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Dengue infection modulates locomotion and host seeking in Aedes aegypti

Tallon, Anaïs and Lorenzo, Marcelo G. and Moreira, Luciano A. and Martinez Villegas, Luis E. and Hill, Sharon and Ignell, Rickard (2020). Dengue infection modulates locomotion and host seeking in Aedes aegypti. PLoS Neglected Tropical Diseases. 14 , e0008531
[Research article]

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Author summary The mosquitoAedes aegyptiis a major urban vector for human pathogens, including dengue, the most rapidly-spreading infectious disease globally. We show that one of the four strains of the dengue virus differentially, and inversely, affects the locomotion and odour-mediated behaviour of femaleAedes aegypti. During the early stages after infection, female mosquitoes show an increased locomotion activity suggesting that the virus likely promotes mosquito dispersion and increases its spatial exploration. In contrast, in the later infective stages, dengue infection modulates the mosquito's host-seeking capacity, by enhancing the physiological and behavioural sensitivity to human odors, thus increasing the risk of virus transmission. At this stage of infection, neural signalling gene expression is enhanced, providing a mechanism for the increased sensitivity to human odor, while genes involved in chemosensation and neuromodulation are likely playing a secondary role. A better understanding of alterations of mosquito host-seeking behavior upon pathogen infection will contribute to the development of novel control strategies against vector borne diseases.Pathogens may manipulate their human and mosquito hosts to enhance disease transmission. Dengue, caused by four viral serotypes, is the fastest-growing transmissible disease globally resulting in 50-100 million infections annually. Transmission of the disease relies on the interaction between humans and the vectorAedes aegyptiand is largely dependent on the odor-mediated host seeking of female mosquitoes. In this study, we use activity monitors to demonstrate that dengue virus-1 affects the locomotion and odor-mediated behavior ofAe.aegypti, reflecting the progression of infection within the mosquito. Mosquitoes 4-6 days post-infection increase locomotion, but do not alter their odor-driven host-seeking response. In contrast, females 14-16 days post-infection are less active, yet more sensitive to human odors as assessed by behavioral and electrophysiological assays. Such an increase in physiological and behavioral sensitivity is reflected by the antennal-specific increase in abundance of neural signaling transcripts in 14 days post-infection females, as determined by transcriptome analysis. This suggests that the sensitivity of the mosquito peripheral olfactory system is altered by the dengue virus by enhancing the overall neural responsiveness of the antenna, rather than the selective regulation of chemosensory-related genes. Our study reveals that dengue virus-1 enhances vector-related behaviors in the early stages post-infection that aid in avoiding predation and increasing spatial exploration. On the other hand, at the later stages of infection, the virus enhances the host-seeking capacity of the vector, thereby increasing the risk of virus transmission. A potential mechanism is discussed.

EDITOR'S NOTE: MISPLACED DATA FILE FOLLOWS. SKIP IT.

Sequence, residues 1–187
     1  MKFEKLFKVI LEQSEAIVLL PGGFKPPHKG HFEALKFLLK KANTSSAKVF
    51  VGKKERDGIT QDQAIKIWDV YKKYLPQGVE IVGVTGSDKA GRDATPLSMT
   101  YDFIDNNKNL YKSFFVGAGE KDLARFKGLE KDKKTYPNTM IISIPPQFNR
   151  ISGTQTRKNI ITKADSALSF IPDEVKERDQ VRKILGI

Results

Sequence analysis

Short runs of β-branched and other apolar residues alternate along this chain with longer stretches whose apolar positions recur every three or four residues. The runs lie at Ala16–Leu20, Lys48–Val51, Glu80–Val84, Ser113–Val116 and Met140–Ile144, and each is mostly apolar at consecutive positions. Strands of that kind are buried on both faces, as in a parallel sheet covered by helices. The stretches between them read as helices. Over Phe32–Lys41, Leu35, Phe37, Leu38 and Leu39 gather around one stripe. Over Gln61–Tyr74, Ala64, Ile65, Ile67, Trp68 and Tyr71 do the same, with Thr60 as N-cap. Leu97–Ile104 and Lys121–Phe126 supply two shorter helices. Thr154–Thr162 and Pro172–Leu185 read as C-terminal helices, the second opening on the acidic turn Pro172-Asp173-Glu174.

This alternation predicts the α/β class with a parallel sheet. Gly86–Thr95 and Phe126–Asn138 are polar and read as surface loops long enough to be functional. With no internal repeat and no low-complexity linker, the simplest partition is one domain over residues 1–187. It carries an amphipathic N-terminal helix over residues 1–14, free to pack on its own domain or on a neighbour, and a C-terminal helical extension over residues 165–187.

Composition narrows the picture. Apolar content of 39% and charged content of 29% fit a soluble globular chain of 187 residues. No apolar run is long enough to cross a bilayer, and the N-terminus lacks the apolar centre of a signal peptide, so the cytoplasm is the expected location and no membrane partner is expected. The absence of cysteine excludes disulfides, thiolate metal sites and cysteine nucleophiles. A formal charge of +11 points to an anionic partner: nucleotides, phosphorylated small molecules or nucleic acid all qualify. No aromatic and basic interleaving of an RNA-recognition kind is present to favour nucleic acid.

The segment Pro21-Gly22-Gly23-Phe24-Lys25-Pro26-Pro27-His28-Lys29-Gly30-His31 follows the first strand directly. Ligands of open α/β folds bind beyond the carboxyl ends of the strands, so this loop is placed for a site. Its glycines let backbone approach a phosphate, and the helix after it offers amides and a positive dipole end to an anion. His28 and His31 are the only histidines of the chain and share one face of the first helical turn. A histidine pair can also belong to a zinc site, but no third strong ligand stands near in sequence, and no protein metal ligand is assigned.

Authors/Creators:Tallon, Anaïs and Lorenzo, Marcelo G. and Moreira, Luciano A. and Martinez Villegas, Luis E. and Hill, Sharon and Ignell, Rickard
Title:Dengue infection modulates locomotion and host seeking in Aedes aegypti
Series Name/Journal:PLoS Neglected Tropical Diseases
Year of publishing :2020
Article number:e0008531
Number of Pages:20
Publication Type:Research article
Article category:Scientific peer reviewed
Version:Published version
Copyright:Creative Commons: Attribution 4.0
Full Text Status:Public
Subjects:(A) Swedish standard research categories 2011 > 3 Medical and Health Sciences > 301 Basic Medicine > Microbiology in the medical area
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Additional ID:
Type of IDID
Web of Science (WoS)000571884200002
ID Code:17860
Faculty:LTV - Fakulteten för landskapsarkitektur, trädgårds- och växtproduktionsvetenskap
Department:(LTJ, LTV) > Department of Plant Protection Biology
Deposited By: SLUpub Connector
Deposited On:23 Oct 2020 17:40
Metadata Last Modified:15 Jan 2021 19:47

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